JAKARTA — Two more bodies were found and two large metal objects were located in the sea bed as recovery teams expanded the search area for the AirAsia plane that crashed more than one week ago, an Indonesian official said on Jan 6.
“Strong current has pushed the victims and debris eastward and forced the rescuer to expand the search area by about 100 square miles (260 square km),” Indonesia search and rescue agency chief Bambang Soelistyo told a news conference on the 10th day of the rescue operation that involves several countries.
So far, 39 bodies out of total 162 people on board have been recovered since the plane crashed into the Java Sea on Dec 28 as the operation is hindered by unfriendly sea conditions.
According to Soelistyo, two large objects have been identified by US Fort Worth ship during the operation on Jan 6. However, the strong current impeded the operation of remote-operated underwater vehicles and divers’ attempts to investigate the debris, he added.
However, recovery workers are yet to find the black boxes, crucial to determining the cause of the crash, although they said they have found the tail part of the plane, where flight recorders are usually housed.
Three Chinese experts from the Civil Aviation Administration of China arrived in Soekarno Hatta Airport early on Jan 6, marking the arrival of the first batch of Chinese aid in the search operation for the black boxes of the crashed AirAsia plane.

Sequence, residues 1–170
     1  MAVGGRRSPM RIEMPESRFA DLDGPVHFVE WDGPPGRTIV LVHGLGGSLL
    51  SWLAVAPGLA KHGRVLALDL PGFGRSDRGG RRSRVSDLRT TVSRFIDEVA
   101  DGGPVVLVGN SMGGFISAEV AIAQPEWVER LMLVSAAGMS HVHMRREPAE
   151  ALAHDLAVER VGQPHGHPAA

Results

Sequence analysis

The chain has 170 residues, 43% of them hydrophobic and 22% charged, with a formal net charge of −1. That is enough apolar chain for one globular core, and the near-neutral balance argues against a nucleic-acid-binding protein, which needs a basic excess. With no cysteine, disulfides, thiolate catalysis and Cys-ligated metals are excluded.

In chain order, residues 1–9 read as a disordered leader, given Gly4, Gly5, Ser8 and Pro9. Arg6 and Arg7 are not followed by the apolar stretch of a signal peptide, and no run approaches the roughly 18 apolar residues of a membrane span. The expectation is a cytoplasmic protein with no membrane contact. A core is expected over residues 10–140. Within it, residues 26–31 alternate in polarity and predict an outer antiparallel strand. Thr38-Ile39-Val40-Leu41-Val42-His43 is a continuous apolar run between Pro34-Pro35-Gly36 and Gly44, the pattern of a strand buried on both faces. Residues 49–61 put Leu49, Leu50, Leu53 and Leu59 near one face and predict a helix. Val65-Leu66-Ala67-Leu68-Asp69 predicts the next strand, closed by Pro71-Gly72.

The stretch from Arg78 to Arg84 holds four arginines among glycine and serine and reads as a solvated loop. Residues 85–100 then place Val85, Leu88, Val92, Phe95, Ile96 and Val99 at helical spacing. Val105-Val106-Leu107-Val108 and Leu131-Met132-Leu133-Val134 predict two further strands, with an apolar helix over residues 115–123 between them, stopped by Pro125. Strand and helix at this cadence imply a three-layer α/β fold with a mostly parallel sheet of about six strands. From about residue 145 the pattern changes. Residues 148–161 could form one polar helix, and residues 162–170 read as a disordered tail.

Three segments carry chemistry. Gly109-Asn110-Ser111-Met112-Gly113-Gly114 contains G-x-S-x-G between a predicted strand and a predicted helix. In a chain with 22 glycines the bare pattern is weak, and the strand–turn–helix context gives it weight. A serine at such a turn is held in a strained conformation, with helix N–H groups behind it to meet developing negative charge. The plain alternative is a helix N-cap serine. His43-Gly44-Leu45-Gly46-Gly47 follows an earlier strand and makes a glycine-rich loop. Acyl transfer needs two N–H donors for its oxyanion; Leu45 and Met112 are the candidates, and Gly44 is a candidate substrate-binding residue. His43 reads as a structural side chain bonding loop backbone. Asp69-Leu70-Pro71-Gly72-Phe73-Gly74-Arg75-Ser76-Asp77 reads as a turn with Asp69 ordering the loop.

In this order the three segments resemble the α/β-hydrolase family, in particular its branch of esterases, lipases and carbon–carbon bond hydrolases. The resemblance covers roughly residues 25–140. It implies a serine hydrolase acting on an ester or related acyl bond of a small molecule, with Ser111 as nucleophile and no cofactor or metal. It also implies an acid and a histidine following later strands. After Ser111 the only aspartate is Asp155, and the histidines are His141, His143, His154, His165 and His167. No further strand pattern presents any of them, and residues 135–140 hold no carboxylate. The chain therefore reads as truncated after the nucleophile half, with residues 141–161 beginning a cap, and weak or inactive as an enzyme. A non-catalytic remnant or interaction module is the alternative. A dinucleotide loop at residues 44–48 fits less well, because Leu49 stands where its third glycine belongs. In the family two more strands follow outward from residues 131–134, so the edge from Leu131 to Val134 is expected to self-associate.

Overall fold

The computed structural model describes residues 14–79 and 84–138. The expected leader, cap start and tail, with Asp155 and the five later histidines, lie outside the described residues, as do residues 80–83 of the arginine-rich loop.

“We are here to help the search for the black boxes,” Mao Yanfeng, director of disaster investigation agency under the Civil Aviation Administration of China, told Xinhua while waiting for the domestic flight heading toward the command post established at Pangkalan Bun in Central Kalimantan.
“We can’t elaborate on when the black boxes can be found or how long we will stay in Indonesia before we get more information at Pangkalan Bun,” said Mao, adding that they have brought along with them portable underwater detection equipment and communication device.
Mao is positive on the finding of the black boxes. “The side-scan sonar could also locate the black boxes, even after 30 days when the boxes go dead,” he said.
The Chinese aviation expert said that “no pings have been detected from the boxes, the reason could be complicated,” citing the internal failure of the black boxes or the signal was impeded by mud in the seabed.
At the time, five ships with specialized equipment are conducting the search for the black boxes at Northern Java Sea, according to Soelistyo.
A Chinese rescue ship “Nanhaijiu 101” is expected to arrive directly in Pankalan Bun on Jan 9, after leaving Haikou, capital city of China’s Hainan province, on Jan 5, said China’s Ministry of Transport in a statement.